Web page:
Thu, Oct 21, 2004 - Page 2 News List

Foreign laborers denied benefits

RAW DEAL Because of mistreatment by employers, overseas migrant workers don't take advantage of many of the health benefits to which they are entitled

By Cody Yiu  /  STAFF REPORTER

Labor-rights groups yesterday urged the government to guarantee access to health entitlements for overseas migrant workers.

During a discussion panel organized by the Alliance for Human Rights Legislation for Immigrants and Migrants, civic groups slammed the government for not ensuring migrant workers took advantage of their rights.

"During their short stay in Taiwan, these migrant workers pay for their public health insurance. However, once they begin to suffer from an ailment or are injured, their employers can just send them home. Basically, these migrant workers are just contributing to Taiwan's social resources without enjoying the benefits," said Alison Del Rosario, a representative of the Hope Workers' Center.

Foreign industrial laborers have to pay for national health insurance and labor insurance, while caregivers and domestic helpers pay only for national health insurance.

"Although labor laws bar employers from dismissing employees who fall sick at work, they can readily send the workers home using other excuses. In other words, the insurance policy is rarely honored and workers rarely have their illnesses treated," Del Rosario said.

Another labor-rights group discussed the reasons why foreign migrant workers abandon their jobs.

Sanctions

"Recently, the Council of Labor Affairs has been considering placing sanctions on Vietnamese workers due to a high rate of abandoning jobs. These workers have been called `runaways,' a word which has negative connotations," said Jimmy Chao (趙俊明), a labor-relations specialist at the Rerum Novarum Center.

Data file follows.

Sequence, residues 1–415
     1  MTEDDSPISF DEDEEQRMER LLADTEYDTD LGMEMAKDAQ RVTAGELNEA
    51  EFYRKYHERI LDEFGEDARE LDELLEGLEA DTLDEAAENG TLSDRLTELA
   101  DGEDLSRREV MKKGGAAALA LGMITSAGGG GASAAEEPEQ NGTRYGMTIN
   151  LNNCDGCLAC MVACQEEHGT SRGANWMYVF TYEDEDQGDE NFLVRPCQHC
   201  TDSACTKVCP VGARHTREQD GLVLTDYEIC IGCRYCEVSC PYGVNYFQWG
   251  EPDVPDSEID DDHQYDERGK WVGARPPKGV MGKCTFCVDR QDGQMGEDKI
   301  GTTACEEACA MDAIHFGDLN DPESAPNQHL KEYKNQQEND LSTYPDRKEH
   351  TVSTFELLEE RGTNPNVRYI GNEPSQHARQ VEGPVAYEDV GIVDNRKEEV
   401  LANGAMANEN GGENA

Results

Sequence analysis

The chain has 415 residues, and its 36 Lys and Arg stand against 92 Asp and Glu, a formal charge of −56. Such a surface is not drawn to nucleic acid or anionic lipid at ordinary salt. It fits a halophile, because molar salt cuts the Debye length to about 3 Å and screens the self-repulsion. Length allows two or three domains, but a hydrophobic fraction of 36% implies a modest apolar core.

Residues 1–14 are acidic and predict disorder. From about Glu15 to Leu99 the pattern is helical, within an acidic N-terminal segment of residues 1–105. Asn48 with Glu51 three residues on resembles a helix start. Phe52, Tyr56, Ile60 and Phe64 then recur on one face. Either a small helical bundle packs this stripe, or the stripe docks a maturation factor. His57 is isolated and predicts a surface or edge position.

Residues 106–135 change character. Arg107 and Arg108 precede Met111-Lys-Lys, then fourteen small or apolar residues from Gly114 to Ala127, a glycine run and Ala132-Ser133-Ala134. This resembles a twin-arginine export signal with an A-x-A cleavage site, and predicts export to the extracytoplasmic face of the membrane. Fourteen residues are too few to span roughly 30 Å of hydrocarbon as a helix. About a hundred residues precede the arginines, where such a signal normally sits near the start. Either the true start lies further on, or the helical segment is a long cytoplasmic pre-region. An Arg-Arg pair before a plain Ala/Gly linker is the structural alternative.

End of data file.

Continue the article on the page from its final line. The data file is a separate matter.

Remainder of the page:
"These workers are breaching their labor contracts only in that they are not completing their agreed period of service. However, these people are not criminals," he said.

Chao listed the four major reasons that cause migrant workers to leave their jobs: intolerable work conditions or exploitation by employers; improper management practices at employment agencies which lead to duress; employer abuse; and the inability to seek help when experiencing difficulties.

"Another situation these workers face is that they prefer not to visit the doctor should they have physical discomfort because they are afraid of being repatriated if something is diagnosed," Chao said.

The numerous health checkups migrant workers are required to take do not apply to other foreign employees.

"Before the migrant workers arrive in Taiwan, they first have to have a physical examination in their home countries. Once they get here, they are subject to additional checkups. However, professional foreign athletes are exempt from consecutive checkups," said Li Hsiu-li (李秀麗), head of migrant health and rights at the International Action and Cooperation Team.

Diseases

In response, the government said that Southeast Asian countries were being monitored as potential sources of transmissible diseases.

"The reason why these migrant workers are subject to subsequent checkups is that we are more aware of transmissible diseases that spread from Southeast Asian countries," said Wang Ren-te (王仁德), an official from the Center for Disease Control. "If a migrant worker is found to have a highly contagious disease ... such as tuberculosis, he will face repatriation; however, if he contracts a more minor disease, he will be able to stay in Taiwan and receive treatment."

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